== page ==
MLB Says Only Days Remain to Salvage Full Season

'A deadline is a deadline. Missed games are missed games'
By Newser Editors and Wire Services
Posted Feb 24, 2022 2:44 AM CST
MLB Says Season Will Be Shortened if There's No Deal Soon
New York Mets' Brandon Nimmo arrives for baseball contract negotiations at Roger Dean Stadium in Jupiter, Fla., Wednesday, Feb. 23, 2022.   (Greg Lovett/The Palm Beach Post via AP)

Major League Baseball said Wednesday that only five days remain to salvage March 31 openers and a full season, telling locked out players that games would be canceled if a labor contract is not agreed to by the end of Monday. After the third straight day of negotiations with little movement, MLB went public with what it had told the union on Feb. 12. "A deadline is a deadline. Missed games are missed games. Salary will not be paid for those games," an MLB spokesman said after Wednesday's bargaining ended. Players have not accepted Monday as a deadline and have suggested any missed games could be made up as part of doubleheaders, a method MLB said it will not agree to, reports the AP.

The union told MLB if games are missed and salaries are lost, clubs should not expect players to agree to management's proposals to expand the postseason and to allow advertisements on uniforms and helmets. Bargaining is scheduled to continue Thursday, and both sides said they are prepared to meet through Monday. A shortened season would be baseball's second in three years following a 2020 schedule cut from 162 games to 60 because of the pandemic. Spring training workouts had been scheduled to start on Feb. 16, and MLB has already canceled the first week of exhibitions, which were to begin Friday. Wednesday was the 84th day of the league's first work stoppage since 1995.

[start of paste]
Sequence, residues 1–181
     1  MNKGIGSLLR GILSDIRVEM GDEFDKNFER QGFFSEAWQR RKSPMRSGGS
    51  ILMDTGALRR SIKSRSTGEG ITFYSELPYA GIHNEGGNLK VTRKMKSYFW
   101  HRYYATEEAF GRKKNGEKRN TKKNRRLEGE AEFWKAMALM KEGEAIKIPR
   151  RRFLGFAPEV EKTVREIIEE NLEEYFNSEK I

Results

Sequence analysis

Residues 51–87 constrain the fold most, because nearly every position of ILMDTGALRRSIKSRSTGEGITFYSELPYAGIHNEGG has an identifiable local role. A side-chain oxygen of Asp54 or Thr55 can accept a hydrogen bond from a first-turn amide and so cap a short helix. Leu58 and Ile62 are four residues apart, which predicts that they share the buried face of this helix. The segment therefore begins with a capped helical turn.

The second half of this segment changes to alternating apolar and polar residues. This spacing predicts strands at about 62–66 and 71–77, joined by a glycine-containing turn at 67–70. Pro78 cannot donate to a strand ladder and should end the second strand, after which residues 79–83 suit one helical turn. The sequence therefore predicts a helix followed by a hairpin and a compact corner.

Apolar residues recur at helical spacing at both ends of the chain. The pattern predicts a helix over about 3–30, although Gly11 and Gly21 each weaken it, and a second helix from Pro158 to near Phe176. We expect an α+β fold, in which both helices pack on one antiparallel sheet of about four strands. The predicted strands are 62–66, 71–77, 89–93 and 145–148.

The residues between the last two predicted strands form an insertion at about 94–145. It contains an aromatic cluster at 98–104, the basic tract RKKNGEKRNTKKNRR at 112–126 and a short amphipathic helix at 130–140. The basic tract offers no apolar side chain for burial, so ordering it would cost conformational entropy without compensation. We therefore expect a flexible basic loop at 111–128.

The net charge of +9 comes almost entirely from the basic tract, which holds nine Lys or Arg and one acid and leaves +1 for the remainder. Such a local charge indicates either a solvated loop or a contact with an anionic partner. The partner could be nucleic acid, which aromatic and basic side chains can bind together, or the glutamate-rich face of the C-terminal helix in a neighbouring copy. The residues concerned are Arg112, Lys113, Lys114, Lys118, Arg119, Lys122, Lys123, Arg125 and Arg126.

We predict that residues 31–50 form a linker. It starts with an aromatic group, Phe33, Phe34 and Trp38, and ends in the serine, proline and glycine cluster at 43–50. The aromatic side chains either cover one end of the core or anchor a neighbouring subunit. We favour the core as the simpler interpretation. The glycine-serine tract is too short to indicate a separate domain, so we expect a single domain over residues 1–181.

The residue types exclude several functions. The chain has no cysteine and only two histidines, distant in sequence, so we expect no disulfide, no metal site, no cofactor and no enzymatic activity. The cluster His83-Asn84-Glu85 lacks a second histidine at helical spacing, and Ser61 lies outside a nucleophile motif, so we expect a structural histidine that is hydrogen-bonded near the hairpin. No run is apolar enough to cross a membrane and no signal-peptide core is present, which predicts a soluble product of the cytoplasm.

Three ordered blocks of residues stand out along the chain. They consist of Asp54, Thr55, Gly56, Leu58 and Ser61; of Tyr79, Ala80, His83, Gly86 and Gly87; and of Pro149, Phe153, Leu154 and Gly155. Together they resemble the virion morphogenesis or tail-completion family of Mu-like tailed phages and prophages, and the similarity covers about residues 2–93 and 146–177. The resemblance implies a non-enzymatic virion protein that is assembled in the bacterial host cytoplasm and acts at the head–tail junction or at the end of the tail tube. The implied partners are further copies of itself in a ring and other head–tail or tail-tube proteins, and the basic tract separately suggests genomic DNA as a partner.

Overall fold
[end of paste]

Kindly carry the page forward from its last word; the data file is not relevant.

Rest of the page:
Baseball Commissioner Rob Manfred said on Feb. 10 a minimum of four weeks of training are needed before starting the season. A deal by Monday would allow that plus a few days for players to report to camps in Arizona and Florida. MLB's public statement was interpreted as a pressure tactic by the union. "To get bears in the forest, you can’t offer them bear traps," said Scott Boras, agent for five of eight players on the union’s executive subcommittee. A day after the union made only small moves in response to management's incremental proposal of a day earlier, MLB advanced only one change: Teams offered to increase the minimum salary from $570,500 to $640,000, up from their previous proposal of $630,000. The minimum would increase by an additional $10,000 each season during a five-year agreement. Players have asked for $775,000 in 2022 and additional $30,000 jumps in each succeeding season. (More Major League Baseball stories.)

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